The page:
We interviewed Guenter Herke, a prolific seller of Discogs and mastermind behind eccentric label Slowboy Records. His shop in Düsseldorf, also called Slowboy Records, is a treasure trove of rare and in-demand vinyl. We caught up on the inspiration behind his label, that one time Henry Rollins dropped by the shop after closing, and a record he could never possibly sell. A collector for nearly three decades, Guenter has some great stories to share!
What is your role, can you give us a bit of background on yourself?
My name is Guenter Herke. I have been collecting records for about 27 years. Selling records has been my main job for 15 of those years. I am the owner of Slowboy Records in Düsseldorf, Germany, and the Discogs shop minty-vinyl. I also run a small label called Slowboy Records.
Can you tell us a bit about Slowboy Records and its history?
We later we opened a record store. Included was an art-gallery with music-related art and a concert-space in front. After more than 80 exhibitions and concerts in 12 years we closed.
Later, I reopened a new/smaller shop inside the 69m2 concept store, where I also have my working space and my archive.
What made you decide to start your own label, and can you tell us a bit more about the label?
A huge influence was/is Tim Kerr from the Big Boys, an old 1980’s texas punk legend. We re-released their first lp Where is my Towel?. It was originally self-released in 1979 and has a DIY against all odds spirit, a silkscreened and hand-painted cover and very clever punk music. We have tried to mostly follow that path in a straight line.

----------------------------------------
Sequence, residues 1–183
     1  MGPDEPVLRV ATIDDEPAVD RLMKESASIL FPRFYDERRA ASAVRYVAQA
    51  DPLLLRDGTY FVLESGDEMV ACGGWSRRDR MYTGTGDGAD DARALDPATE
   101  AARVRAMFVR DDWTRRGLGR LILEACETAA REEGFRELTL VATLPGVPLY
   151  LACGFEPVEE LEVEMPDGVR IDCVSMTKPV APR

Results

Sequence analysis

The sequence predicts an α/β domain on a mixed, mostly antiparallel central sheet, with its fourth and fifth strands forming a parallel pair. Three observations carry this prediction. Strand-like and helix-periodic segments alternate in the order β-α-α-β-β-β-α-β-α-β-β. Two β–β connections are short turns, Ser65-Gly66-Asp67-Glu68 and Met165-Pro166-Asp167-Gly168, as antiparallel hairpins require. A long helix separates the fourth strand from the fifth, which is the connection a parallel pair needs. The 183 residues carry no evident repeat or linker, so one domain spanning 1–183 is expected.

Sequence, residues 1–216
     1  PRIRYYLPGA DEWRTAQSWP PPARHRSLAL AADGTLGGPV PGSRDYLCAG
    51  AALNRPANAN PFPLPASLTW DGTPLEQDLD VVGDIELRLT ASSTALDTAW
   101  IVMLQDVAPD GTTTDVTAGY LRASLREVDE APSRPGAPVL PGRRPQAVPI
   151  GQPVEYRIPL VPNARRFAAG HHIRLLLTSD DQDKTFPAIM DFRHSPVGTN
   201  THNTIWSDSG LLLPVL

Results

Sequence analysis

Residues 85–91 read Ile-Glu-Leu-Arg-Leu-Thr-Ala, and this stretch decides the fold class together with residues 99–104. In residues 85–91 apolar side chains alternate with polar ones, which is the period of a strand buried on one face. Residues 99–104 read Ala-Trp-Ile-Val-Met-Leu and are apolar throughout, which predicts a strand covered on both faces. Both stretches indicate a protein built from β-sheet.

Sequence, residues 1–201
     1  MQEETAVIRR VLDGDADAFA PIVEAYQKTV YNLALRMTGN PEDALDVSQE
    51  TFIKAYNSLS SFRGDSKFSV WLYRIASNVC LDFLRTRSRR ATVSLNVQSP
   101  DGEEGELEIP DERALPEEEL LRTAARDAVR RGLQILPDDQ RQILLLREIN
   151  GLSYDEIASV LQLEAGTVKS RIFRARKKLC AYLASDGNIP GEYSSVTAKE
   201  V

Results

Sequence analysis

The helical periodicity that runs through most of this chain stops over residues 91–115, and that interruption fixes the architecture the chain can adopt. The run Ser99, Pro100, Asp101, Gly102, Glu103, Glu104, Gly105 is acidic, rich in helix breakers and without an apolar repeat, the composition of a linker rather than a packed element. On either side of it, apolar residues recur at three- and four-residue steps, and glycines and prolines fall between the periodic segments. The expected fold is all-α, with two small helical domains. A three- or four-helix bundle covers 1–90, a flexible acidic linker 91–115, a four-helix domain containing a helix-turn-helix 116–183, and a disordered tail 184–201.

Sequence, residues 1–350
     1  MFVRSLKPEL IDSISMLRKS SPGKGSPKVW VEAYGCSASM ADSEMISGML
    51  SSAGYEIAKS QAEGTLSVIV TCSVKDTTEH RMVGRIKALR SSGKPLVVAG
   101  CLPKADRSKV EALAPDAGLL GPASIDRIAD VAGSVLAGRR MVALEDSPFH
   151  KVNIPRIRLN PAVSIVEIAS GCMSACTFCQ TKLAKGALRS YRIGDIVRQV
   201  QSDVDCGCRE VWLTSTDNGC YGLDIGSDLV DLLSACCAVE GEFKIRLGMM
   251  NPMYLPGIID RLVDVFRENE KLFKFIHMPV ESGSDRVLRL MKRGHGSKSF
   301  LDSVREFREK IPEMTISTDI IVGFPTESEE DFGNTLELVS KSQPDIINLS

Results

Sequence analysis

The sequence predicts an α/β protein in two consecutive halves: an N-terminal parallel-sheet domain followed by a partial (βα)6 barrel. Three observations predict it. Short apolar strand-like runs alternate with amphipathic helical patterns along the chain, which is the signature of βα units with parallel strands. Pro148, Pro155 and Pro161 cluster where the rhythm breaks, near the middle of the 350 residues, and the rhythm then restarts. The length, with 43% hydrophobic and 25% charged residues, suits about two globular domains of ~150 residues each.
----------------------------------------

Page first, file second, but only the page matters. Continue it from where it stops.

What do you enjoy most about your work?
Listening to music all day.
What was your most unexpected find in recent years?
Finding a 1950’s Sun Ra record at a small record fair near the end of the day. It wasn’t in the 1€ bin, but it was fairly priced and made my day.
If we were digging through your personal collection, what would we find?
Is there a record that you would never sell? Which one and why?
What is your best memory about record selling?
When Henry Rollins walked in a day after we closed our old store and spent a lot of time and even some money. It was the perfect finish for a nice time we had. He is such a nice guy to meet and I was so impressed with his musical knowledge and sense of humor. He patiently answered all of my questions :-)
What is your favorite record shop to visit and why?
In Germany: Black Plastic in Dortmund. You can find everything here: from cheap to expensive, from jazz to metal. It is always worth a visit when you are around.
In the Netherlands: Vinylspot in Rotterdam. It is the best shop for jazz, but also nearly all other genres.
Lex has always a huge selection of rarities.
How do you see the future for record shops?
I think, if you are able to offer the right records for the right price and combine your record shop with a good internet-presence it can work.
What is your number one tip for buyers and/or sellers on Discogs?
Be respectful, patient and friendly. There is always a solution if there is a problem.
Anything else you would like us to know?
I hope that Discogs will never be sold to a company like Amazon or eBay.